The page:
A map outlining the risk of liquefaction in the Far North can now be viewed on the district’s council website, giving property owners, planners, and engineers a clearer understanding of potentially vulnerable areas.
Liquefaction occurs during an earthquake when water-saturated soil loses its stability and behaves like a liquid. It can lead to significant damage to buildings.
In 2019, the Ministry of Business, Innovation and Employment (MBIE) recommended all New Zealand councils start hazard mapping to identify susceptible areas. While the Far North is a relatively low-risk area for earthquakes compared to the rest of New Zealand, the hazard does exist, Far North District Council said in a statement.
“The liquefaction map, produced by Vision Consulting Engineers in Kerikeri, can help the public and council identify the likelihood of damage using three categories: unlikely, undetermined, and possible. Most of the Far North is classed as unlikely, with some coastal areas deemed possible,” it said.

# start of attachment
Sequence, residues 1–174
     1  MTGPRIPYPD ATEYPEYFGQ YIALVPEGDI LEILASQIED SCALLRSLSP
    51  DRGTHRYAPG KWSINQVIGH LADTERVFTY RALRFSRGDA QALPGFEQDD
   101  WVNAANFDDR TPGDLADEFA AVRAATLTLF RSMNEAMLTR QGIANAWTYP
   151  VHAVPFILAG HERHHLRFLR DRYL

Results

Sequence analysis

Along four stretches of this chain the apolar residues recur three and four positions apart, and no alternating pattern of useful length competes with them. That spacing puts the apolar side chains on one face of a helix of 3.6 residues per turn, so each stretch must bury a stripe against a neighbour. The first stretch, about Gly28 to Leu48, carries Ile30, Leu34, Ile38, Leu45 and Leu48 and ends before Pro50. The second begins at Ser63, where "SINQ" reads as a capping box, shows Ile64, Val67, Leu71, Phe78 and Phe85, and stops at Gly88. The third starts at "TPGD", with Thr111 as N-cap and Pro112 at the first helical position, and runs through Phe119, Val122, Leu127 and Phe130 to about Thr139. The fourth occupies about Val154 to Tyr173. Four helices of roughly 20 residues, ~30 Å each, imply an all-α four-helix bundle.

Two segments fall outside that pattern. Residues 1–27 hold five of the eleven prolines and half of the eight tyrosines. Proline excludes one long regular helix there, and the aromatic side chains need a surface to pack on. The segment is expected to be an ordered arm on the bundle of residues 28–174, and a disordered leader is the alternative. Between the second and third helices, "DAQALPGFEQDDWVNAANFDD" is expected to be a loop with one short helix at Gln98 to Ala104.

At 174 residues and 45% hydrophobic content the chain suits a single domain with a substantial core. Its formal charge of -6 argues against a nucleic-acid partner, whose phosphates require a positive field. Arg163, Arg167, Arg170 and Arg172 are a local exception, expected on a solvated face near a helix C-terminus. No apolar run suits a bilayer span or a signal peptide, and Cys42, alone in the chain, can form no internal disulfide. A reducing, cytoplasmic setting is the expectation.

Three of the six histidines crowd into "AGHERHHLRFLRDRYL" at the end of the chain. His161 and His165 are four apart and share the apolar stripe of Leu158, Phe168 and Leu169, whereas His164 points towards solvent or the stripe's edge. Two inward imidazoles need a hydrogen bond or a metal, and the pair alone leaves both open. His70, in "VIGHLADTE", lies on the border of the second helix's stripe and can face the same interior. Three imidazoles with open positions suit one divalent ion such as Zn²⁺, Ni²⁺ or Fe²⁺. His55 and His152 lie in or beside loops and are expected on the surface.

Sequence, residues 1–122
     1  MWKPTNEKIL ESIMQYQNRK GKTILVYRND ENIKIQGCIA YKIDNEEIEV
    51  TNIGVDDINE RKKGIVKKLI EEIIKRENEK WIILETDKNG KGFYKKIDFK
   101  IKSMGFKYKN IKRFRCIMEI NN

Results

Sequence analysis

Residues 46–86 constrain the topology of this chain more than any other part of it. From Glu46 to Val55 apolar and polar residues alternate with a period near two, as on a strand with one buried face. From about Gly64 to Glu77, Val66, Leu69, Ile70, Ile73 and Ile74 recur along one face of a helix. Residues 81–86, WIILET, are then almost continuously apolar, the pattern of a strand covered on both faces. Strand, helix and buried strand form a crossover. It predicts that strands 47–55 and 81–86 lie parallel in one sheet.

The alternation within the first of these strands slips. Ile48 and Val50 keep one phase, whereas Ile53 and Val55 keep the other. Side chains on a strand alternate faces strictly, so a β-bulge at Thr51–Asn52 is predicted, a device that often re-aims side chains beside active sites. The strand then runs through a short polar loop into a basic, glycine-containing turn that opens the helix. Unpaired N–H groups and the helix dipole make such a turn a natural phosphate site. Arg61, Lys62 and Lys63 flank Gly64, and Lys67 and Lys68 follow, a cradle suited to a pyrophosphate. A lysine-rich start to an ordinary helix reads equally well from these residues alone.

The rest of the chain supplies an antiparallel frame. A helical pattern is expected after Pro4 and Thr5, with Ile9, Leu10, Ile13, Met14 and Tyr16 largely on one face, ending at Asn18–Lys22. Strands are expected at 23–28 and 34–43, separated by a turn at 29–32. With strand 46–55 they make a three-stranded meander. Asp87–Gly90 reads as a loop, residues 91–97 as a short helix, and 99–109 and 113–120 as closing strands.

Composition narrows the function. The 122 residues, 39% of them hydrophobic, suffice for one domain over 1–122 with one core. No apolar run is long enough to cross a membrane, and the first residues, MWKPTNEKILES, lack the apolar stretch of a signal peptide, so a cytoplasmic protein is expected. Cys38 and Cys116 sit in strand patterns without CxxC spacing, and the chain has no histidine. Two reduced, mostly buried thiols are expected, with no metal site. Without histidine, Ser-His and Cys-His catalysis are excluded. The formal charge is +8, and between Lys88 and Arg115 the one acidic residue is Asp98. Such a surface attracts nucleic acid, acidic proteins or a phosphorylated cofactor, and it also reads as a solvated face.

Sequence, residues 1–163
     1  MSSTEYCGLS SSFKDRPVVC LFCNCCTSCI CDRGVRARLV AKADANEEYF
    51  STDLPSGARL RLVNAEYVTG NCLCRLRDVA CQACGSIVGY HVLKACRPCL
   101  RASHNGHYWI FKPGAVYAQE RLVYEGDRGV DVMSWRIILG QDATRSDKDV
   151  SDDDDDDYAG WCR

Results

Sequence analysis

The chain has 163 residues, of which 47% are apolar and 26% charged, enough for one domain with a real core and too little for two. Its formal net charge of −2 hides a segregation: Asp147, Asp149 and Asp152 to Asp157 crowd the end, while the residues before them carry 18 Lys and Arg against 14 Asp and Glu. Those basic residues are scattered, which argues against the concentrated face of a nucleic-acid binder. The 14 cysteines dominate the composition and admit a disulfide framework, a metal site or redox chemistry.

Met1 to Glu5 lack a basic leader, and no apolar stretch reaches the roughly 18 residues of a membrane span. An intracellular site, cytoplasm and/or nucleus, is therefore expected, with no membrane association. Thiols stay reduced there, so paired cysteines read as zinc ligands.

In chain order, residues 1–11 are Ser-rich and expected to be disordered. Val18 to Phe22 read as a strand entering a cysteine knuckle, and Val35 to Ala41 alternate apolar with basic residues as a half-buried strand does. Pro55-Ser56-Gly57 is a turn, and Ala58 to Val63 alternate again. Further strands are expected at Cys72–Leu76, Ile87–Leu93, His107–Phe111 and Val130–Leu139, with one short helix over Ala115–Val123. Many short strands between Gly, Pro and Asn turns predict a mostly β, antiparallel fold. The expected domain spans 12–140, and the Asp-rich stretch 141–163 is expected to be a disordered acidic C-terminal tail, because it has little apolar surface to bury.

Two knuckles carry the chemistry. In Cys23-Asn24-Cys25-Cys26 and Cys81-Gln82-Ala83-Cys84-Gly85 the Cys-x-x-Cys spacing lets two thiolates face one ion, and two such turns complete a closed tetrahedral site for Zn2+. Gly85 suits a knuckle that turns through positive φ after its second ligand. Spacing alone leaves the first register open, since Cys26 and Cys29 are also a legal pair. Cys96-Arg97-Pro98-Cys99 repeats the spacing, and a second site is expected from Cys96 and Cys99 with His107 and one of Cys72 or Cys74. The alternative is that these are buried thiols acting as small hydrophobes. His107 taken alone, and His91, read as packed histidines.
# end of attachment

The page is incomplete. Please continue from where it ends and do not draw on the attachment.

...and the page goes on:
Managing Director at Vision Consulting Engineers, Ben Perry highlighted the significance of the initiative.
“Knowing an area’s likelihood of damage due to liquefaction empowers property owners to take appropriate action, such as reinforcing a building’s foundation,” he says.
“It also aids the council and civil defence in land use and emergency planning.”
To find out which classification your property is in, click here to view the map.